Thanks to the hard work of our employees and the collaboration of our many partners, we have successfully implemented many different programs, ranging from the training of Crees for skilled jobs with Hydro-Quebec (over 50 Crees now occupy permanent positions), the rejuvenation of Cree community and family fisheries, the support of numerous cultural activities including summer gatherings and the enhancement of goose hunting facilities. This is not to mention the hundreds of kilometres of snowmobile and ATV trails already built throughout Eeyou Istchee.
On its 20th anniversary, Niskamoon Corporation salutes The Nation magazine and wishes it many more years of success and positive change.
RCMP database on missing women delayed
The RCMP national database that was set to replace the database that the Native Women’s Association of Canada’s Sisters in Spirit (SIS) initiative had created to track data on missing and murdered Aboriginal women has now been delayed until 2013.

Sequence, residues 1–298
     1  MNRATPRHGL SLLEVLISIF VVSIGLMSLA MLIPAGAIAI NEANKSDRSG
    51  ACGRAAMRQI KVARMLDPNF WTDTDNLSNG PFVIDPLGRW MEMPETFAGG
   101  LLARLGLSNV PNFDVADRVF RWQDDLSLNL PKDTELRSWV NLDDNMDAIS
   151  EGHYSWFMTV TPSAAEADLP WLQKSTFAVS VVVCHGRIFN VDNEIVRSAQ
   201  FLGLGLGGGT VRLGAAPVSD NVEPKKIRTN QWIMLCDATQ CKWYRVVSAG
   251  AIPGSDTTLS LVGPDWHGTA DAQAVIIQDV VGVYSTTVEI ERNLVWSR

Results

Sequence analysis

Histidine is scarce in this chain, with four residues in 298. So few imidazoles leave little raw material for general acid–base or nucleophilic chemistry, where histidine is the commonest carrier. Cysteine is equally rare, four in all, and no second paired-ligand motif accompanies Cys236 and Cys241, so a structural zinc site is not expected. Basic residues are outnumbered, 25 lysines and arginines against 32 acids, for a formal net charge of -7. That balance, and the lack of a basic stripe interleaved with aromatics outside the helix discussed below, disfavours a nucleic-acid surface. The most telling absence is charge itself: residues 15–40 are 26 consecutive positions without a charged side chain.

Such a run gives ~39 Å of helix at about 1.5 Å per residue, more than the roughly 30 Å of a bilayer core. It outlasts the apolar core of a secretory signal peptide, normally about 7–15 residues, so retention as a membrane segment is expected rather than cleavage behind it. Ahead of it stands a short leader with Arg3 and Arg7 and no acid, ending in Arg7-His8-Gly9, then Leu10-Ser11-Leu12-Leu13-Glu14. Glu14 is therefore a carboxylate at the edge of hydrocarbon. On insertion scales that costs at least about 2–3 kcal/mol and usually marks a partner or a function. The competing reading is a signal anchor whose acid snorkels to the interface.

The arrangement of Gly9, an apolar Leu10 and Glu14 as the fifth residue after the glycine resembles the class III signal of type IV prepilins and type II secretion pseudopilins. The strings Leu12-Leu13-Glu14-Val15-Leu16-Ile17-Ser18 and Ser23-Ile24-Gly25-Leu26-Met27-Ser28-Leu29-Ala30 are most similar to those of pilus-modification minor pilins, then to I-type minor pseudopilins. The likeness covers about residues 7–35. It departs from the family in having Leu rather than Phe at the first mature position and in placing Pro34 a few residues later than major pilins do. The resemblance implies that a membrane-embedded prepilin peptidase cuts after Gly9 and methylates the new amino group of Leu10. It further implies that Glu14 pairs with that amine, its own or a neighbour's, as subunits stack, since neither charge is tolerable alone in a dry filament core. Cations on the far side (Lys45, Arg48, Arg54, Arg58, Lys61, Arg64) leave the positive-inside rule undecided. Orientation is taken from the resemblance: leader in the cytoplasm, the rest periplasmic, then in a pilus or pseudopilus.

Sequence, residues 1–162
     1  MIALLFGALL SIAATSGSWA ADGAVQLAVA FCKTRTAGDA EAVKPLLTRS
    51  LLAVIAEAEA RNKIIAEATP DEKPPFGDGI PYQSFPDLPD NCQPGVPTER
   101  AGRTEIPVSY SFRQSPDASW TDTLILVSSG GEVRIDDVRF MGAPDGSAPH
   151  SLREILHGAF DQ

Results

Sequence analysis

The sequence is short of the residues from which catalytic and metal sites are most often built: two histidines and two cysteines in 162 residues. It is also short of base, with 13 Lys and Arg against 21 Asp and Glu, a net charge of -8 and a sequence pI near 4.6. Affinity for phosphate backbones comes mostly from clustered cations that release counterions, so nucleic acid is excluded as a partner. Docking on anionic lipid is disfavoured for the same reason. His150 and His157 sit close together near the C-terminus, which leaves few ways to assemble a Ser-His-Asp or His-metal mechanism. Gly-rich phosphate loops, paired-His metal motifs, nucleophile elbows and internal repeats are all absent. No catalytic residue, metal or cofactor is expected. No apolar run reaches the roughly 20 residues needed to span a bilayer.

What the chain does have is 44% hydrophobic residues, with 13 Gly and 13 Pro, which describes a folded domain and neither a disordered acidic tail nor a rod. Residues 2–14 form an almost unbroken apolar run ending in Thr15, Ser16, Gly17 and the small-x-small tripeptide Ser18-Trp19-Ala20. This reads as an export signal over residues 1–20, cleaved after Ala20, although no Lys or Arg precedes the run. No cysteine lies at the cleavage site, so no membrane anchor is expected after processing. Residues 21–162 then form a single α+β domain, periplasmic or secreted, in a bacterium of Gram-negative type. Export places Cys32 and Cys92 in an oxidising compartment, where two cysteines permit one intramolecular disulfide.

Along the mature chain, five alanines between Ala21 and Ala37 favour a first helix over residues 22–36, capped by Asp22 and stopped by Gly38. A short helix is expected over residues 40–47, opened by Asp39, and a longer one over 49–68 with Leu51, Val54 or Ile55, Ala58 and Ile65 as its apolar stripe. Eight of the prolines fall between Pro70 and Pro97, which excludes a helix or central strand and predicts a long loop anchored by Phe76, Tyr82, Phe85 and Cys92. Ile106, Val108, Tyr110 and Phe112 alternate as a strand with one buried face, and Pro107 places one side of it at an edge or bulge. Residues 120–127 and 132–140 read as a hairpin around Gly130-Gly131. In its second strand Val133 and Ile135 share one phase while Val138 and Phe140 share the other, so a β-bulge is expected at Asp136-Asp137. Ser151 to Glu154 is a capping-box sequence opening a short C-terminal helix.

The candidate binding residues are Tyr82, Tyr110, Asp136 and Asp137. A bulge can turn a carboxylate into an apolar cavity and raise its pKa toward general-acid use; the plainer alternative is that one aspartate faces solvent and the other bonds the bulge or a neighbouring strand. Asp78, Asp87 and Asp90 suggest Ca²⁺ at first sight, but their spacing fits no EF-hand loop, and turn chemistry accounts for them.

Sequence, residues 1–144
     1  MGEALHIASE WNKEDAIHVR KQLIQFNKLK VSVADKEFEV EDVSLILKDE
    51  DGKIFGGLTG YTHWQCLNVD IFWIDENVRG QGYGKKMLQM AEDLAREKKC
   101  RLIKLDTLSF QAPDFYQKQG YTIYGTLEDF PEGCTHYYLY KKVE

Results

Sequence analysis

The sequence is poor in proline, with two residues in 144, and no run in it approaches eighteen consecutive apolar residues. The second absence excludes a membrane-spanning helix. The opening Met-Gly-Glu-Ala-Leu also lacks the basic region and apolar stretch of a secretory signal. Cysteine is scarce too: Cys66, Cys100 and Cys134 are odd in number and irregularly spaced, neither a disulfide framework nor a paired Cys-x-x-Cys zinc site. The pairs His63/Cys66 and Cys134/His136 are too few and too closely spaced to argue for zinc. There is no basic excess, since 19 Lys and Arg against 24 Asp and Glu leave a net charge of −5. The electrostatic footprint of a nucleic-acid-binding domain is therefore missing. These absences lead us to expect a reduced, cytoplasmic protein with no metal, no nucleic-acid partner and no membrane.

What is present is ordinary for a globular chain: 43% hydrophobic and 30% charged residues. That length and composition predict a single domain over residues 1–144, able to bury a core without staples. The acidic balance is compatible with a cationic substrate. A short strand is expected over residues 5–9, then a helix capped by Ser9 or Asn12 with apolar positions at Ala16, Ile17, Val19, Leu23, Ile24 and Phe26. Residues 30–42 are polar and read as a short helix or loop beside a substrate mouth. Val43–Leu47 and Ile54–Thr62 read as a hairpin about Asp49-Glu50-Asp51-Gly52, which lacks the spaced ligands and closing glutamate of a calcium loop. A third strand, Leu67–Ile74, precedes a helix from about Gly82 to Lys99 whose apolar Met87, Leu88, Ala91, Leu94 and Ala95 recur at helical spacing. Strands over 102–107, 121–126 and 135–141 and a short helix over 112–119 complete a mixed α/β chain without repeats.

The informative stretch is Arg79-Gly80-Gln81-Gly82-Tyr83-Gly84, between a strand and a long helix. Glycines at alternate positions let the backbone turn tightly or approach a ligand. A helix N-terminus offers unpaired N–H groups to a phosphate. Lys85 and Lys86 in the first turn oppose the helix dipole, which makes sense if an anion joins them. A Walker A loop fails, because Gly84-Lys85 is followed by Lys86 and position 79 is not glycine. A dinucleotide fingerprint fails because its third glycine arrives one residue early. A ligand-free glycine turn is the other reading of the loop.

When the Conservative government promised new funding to address the issue in 2010, it had at the same time cut all funding to support research conducted by SIS.
By late 2010, the government announced that much of the $10 million it had put aside in the 2010 budget would be going to the RCMP to address missing and murdered Aboriginal women and a large part of this strategy would be through a new national database.
The new database however may not even collect information that would identify these women as Aboriginal, negating SIS’s research that pointed to how much of this violence had been specifically racial. During its five-year mandate until 2010, SIS collected data on showing that there were almost 600 missing and/or murdered Aboriginal women in Canada, many of whose cases were never solved.
While Prime Minister Stephen Harper said in 2010 that the issue was pressing to the government, the new database will not be available until 2013.